23 February 2012 Iraq attacks
|23 February 2012 Iraq attacks|
|Part of Iraqi insurgency (post U.S. withdrawal)|
|Location||Baghdad and at least 14 other cities, Iraq|
|Date||23 February 2012 (UTC+3)|
|Suicide bombings, car bombs, IEDs, shootings, school bombing|
|Islamic State of Iraq|
The 23 February 2012 Iraq attacks were the fifth simultaneous wave of bombings to hit Iraq during the insurgency and the first such major assault since the US withdrawal at the end of 2011. At least 83 people were killed and more than 250 wounded in highly coordinated attacks spread out in least 15 cities - including at least 10 explosions in the capital Baghdad that left 32 people dead. A number of shootings also took place, mostly aimed at police patrols and security installations around the city. The majority of the blasts appeared to specifically target Shiite areas.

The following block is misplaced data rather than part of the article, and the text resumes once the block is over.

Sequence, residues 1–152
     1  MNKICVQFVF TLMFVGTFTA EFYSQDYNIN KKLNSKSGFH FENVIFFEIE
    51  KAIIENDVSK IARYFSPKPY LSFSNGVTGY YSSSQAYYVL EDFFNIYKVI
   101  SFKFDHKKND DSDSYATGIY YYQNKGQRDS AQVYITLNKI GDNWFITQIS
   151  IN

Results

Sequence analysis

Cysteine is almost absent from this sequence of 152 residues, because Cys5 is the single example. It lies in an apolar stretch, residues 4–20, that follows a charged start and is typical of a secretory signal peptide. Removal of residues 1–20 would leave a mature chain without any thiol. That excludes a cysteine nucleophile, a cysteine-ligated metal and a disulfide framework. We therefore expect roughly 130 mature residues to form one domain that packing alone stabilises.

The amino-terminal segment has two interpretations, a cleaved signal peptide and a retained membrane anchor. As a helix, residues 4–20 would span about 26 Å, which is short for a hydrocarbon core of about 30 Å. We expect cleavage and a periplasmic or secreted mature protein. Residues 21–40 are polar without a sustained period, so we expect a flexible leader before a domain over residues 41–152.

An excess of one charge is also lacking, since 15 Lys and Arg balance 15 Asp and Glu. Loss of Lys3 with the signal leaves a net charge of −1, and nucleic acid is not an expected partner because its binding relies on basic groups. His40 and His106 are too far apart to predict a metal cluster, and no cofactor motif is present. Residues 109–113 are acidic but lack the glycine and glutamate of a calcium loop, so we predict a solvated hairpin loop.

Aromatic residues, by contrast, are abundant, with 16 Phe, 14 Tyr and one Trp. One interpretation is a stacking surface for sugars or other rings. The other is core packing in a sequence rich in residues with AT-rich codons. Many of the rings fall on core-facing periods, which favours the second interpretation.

Outside Baghdad attacks were spread out, including at least three car bombs around Tikrit that killed 12 and injured more than 50. Unidentified gunmen broke into a governing council building in Salman Baik east of Tikrit, shooting dead the leader of the administration and two policemen. Car bombs exploded near a school and two police stations in Hilla, killing at least 3 and leaving scores injured. Similar attacks took place in Baqubah, Kirkuk, Taji, Dujail and Mosul.
The umbrella group Islamic State of Iraq claimed responsibility for the bombings two days later and promised further bloodshed as it targets Shiites across Iraq. The country was set to host the postponed Arab League Summit on March 29 in the midst of a surge of violence and a rise in civilian and security casualties since the withdrawal of US forces.
- Iraqi insurgency (post U.S. withdrawal)
- 5 January 2012 Iraq bombings
- 14 January 2012 Basra bombing
- 27 January 2012 Baghdad bombing
- Raheem, Kareem (2012-02-23). "Iraq attacks kill 60, raise sectarian fears". Reuters. Retrieved 2012-02-23.
- "Dozens dead in wave of Iraq attacks". Al Jazeera. 2012-02-23. Retrieved 2012-02-23.
- "Iraq says Arab summit to be held on schedule". Trust.org. 2012-02-26. Archived from the original on 2012-02-27. Retrieved 2012-02-26.
|This massacre-related article is a stub. You can help Wikipedia by expanding it.|
|This Iraqi history-related article is a stub. You can help Wikipedia by expanding it.|
|This Baghdad-related article is a stub. You can help Wikipedia by expanding it.|